Phytoestrogen content of foods consumed in Canada, including isoflavones, lignans, and coumestan.

January 1, 2006 Human Health and Nutrition Data 0 Comments

Phytoestrogen content of foods consumed in Canada, including isoflavones, lignans, and coumestan.

Year: 2006
Authors: Thompson, L.U., Boucher, B.A., Liu, Z., et al.
Publication Name: Nutr. Cancer
Publication Details: Volume 54, Number 2, Pages 184-201.


Recent investigations are focusing on the association between phytoestrogen intake and reduced risk of many diseases and conditions.  The three major classes of phytoestrogens are isoflavones, lignans, and coumestans.  A number of epidemiological studies investigating phytoestrogen intake and risk of various diseases have yielded conflicting results.  It is believed that these conflicting results may in part be due to inaccuracies in estimating phytoestrogen intake resulting from inaccurate phytoestrogen values in current food databases.  The objective of the present study was to develop a database of the phytoestrogen content of 121 foods commonly consumed in the typical Western diet.  These values were used to estimate phytoestrogen intake in future epidemiological studies.
One hundred and twenty one foods were identified as important phytestrogen sources in the Typical Western diet and subsequently analyzed for their isoflavone (genistein, daidzein, glycitein, formononetin), lignan (secoisolariciresinol, matairesinol, pinoresinol, lariciresinol), or coumestan (coumestrol) content.  A variety of samples of each food/beverage were pooled to represent a homogenous representative sample of each food.  Phytestrogen content of all foods was determined via gas chromatography-mass spectrometry methods and expressed on an as is (wet) basis per 100g and also per serving.  All samples were analysed in duplicate.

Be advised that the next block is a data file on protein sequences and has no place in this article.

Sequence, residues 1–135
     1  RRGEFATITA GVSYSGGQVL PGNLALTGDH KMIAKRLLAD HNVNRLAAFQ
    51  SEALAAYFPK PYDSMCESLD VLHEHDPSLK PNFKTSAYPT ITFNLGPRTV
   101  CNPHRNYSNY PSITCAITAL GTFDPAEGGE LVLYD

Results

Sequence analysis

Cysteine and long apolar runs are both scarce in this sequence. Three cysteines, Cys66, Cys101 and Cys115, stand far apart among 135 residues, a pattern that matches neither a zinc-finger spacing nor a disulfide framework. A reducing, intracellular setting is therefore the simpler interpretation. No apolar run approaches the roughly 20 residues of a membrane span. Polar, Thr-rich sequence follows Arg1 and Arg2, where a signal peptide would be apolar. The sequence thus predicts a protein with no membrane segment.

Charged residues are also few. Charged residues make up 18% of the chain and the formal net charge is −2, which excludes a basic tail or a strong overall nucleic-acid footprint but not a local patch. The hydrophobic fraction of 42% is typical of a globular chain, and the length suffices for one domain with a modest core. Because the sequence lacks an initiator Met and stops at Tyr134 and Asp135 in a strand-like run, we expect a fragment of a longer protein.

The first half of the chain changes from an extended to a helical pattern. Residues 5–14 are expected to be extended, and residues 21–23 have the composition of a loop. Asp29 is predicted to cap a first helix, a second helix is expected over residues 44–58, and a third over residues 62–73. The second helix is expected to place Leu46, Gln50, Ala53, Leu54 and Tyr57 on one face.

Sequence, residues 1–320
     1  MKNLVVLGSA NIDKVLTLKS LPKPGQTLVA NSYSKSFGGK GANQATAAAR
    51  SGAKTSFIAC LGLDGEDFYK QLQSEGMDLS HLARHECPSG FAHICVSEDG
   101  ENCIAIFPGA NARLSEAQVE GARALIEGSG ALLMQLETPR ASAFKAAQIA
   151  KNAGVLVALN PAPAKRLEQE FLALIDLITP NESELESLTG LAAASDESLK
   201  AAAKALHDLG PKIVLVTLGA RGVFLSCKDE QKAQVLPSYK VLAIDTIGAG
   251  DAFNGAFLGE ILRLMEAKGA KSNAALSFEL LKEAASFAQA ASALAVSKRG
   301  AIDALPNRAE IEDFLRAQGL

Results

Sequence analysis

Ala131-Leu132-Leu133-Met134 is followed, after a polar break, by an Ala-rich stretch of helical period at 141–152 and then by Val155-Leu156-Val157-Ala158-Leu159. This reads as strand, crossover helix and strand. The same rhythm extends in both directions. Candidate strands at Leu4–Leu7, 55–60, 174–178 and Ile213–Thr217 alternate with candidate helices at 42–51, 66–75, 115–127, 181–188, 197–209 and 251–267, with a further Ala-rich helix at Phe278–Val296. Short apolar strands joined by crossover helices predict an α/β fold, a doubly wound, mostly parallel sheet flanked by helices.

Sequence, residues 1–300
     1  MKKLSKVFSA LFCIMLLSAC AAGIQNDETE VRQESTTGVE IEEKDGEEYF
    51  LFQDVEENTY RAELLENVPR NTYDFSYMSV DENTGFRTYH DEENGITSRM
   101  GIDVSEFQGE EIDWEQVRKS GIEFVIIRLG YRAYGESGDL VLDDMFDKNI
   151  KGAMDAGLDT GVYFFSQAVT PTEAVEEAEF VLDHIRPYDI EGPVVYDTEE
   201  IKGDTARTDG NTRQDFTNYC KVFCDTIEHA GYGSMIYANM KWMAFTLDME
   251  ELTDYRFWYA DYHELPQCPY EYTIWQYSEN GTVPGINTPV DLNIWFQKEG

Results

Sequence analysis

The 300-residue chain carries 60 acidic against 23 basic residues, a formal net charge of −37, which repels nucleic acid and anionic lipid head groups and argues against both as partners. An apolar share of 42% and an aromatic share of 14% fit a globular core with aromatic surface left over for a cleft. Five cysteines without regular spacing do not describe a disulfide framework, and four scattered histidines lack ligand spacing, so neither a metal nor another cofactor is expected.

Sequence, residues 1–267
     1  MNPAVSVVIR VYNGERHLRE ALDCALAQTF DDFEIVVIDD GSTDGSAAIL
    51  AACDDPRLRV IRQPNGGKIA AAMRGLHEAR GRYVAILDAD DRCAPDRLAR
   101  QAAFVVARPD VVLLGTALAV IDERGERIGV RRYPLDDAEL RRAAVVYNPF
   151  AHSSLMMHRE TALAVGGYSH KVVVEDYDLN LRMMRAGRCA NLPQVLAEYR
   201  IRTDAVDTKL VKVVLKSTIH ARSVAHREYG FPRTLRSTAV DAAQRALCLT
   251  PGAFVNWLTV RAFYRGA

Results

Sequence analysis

The highest amount of total phytoestrogens (per 100g) were found in oilseeds and nuts, followed by soy products, cereals and breads, legumes, meat products and other processed food, vegetables, fruits, and alcoholic and non-alcoholic beverages.  As expected, the highest amount of isoflavones was found in soy products (soybeans and soy nuts), primarily as daidzein and genistein.  High levels of isoflavones were also found in legumes, meat products and other processed foods, breads and cereals, nuts and oilseeds, vegetables, alcoholic beverages, and fruits.  All foods analyzed contained lignans, and except for the soy and soy containing products, most possessed higher levels of lignan than isoflavones.  The highest amount of lignans were found in nuts and oilseeds, followed by breads and cereals, legumes, fruits, vegetables, soy products, processed foods, and both alcoholic and non-alcoholic beverages.  The highest amount of coumestans was found in mung bean sprouts, flaxseed, and soy nuts.

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